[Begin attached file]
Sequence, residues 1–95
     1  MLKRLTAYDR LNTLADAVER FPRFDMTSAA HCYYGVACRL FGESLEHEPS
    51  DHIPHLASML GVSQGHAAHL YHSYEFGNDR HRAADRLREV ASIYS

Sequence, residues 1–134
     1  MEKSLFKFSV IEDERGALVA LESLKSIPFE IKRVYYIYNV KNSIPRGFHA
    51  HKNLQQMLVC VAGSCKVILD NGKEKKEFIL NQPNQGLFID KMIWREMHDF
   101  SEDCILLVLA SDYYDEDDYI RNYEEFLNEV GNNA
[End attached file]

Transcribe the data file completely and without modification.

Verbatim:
Sequence, residues 1–95
     1  MLKRLTAYDR LNTLADAVER FPRFDMTSAA HCYYGVACRL FGESLEHEPS
    51  DHIPHLASML GVSQGHAAHL YHSYEFGNDR HRAADRLREV ASIYS

Sequence, residues 1–134
     1  MEKSLFKFSV IEDERGALVA LESLKSIPFE IKRVYYIYNV KNSIPRGFHA
    51  HKNLQQMLVC VAGSCKVILD NGKEKKEFIL NQPNQGLFID KMIWREMHDF
   101  SEDCILLVLA SDYYDEDDYI RNYEEFLNEV GNNA